First post, by Jo22
This is an uncommon question perhaps, but why are cables for landlines still not shielded?
I fully understand that in the early days unshielded, maybe twisted cabling was cheap and totally sufficient for telephone lines, especially since most buildings had electrical lights, at best, and the RFI problems didn't really exist.
But since the days of acoustic couplers, ISDN in the early 80s and especially DSL in the 90s,
mustn't it have been clear that noise is a problem?
Why didn't telephone companies slowly start to use shielded cables, say cheap coaxial microphone cables?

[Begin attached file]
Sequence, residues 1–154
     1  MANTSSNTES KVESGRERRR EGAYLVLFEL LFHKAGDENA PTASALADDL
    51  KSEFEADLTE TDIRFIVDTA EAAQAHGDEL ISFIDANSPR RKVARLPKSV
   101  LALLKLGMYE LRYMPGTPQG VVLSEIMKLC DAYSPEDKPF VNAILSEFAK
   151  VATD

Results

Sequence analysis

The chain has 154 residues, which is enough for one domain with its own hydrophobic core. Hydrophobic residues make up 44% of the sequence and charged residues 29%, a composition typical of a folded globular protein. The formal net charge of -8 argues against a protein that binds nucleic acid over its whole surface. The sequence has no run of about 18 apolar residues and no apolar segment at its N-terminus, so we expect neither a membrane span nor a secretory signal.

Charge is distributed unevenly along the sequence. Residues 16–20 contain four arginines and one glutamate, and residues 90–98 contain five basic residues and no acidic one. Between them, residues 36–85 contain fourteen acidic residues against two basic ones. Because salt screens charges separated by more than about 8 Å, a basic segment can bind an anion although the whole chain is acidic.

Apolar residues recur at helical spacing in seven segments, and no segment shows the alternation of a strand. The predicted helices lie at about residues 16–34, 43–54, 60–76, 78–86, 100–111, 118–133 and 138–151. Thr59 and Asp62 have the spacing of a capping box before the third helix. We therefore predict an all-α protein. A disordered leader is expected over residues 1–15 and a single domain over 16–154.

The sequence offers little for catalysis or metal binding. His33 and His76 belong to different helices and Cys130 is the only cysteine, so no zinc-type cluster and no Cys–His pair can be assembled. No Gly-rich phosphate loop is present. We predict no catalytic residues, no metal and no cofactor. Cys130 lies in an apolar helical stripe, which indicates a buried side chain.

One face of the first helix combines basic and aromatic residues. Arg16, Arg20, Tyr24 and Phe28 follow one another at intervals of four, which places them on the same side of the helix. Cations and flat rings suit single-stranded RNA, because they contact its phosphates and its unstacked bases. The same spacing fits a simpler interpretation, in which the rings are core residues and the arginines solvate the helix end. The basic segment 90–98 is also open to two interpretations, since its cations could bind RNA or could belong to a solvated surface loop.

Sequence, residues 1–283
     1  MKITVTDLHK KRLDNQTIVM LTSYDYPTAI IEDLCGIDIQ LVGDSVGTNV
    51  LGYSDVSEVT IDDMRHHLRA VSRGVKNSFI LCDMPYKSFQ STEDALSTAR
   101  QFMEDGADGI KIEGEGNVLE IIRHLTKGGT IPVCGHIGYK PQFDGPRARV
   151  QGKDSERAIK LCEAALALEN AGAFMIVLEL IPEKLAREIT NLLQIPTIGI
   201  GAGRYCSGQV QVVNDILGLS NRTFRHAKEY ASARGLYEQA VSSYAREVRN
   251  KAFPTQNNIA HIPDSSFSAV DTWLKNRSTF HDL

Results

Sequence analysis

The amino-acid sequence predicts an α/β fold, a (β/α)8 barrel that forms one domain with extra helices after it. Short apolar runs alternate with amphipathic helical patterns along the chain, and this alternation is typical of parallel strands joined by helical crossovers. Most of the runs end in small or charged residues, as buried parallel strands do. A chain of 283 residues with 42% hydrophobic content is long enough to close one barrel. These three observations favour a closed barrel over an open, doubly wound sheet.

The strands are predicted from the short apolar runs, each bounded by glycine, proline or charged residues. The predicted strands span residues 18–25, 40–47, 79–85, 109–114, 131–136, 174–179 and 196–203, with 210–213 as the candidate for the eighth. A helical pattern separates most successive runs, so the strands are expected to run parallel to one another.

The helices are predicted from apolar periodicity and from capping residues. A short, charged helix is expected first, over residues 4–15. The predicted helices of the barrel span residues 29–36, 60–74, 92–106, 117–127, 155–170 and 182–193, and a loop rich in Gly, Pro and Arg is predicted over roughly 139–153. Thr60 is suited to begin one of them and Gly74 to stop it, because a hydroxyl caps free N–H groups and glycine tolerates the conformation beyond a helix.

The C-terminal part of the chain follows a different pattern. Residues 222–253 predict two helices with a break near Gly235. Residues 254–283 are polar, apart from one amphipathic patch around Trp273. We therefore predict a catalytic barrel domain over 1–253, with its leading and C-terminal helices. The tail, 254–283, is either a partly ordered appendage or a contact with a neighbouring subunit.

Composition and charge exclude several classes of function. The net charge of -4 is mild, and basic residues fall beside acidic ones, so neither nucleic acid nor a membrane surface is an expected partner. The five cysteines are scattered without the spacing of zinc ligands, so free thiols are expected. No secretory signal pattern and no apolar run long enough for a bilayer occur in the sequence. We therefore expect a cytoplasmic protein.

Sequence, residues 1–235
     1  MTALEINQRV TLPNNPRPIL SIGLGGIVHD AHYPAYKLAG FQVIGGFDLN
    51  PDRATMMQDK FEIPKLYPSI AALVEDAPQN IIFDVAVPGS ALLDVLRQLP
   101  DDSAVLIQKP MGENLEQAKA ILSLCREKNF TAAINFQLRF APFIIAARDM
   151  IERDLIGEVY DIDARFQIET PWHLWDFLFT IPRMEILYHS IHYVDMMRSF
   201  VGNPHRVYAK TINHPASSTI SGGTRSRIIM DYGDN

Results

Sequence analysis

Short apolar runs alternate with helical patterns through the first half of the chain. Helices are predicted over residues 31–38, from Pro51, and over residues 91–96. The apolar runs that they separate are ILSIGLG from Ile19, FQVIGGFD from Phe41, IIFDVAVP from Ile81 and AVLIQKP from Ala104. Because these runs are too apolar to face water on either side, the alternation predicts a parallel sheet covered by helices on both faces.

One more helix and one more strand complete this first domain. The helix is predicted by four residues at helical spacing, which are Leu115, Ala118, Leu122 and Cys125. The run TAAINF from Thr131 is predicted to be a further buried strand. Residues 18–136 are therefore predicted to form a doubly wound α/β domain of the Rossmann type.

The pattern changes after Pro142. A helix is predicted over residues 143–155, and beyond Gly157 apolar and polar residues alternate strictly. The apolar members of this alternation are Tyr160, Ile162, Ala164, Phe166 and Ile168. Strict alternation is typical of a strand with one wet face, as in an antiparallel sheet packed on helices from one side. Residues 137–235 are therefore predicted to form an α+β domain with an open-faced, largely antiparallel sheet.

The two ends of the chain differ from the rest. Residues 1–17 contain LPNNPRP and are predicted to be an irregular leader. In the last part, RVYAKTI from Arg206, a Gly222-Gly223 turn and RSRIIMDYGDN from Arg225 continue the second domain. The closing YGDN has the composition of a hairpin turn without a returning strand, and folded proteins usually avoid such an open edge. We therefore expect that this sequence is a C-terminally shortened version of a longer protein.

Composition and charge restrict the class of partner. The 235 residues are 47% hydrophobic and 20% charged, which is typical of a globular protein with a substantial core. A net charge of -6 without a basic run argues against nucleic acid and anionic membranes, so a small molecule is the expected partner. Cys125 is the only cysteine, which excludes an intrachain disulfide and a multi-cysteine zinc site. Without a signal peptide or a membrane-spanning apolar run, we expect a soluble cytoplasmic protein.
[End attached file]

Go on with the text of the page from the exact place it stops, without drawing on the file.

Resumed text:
I mean, DSL is a common application for two decades by now, and people still install cheap, unshielded cables. Just that unlike the early days, they nolonger carry "harmless" 6KHz wide AF signals, but extremely broad RF signals that pollute the radio spectrum up to 30MHz..
Any ideas why this hasn't changed?
Thanks in advance,
Edit: I'm aware that old telephone systems strictly speaking had no "ground" connection.
But DSL and ISDN are not like this anymore, I assume.
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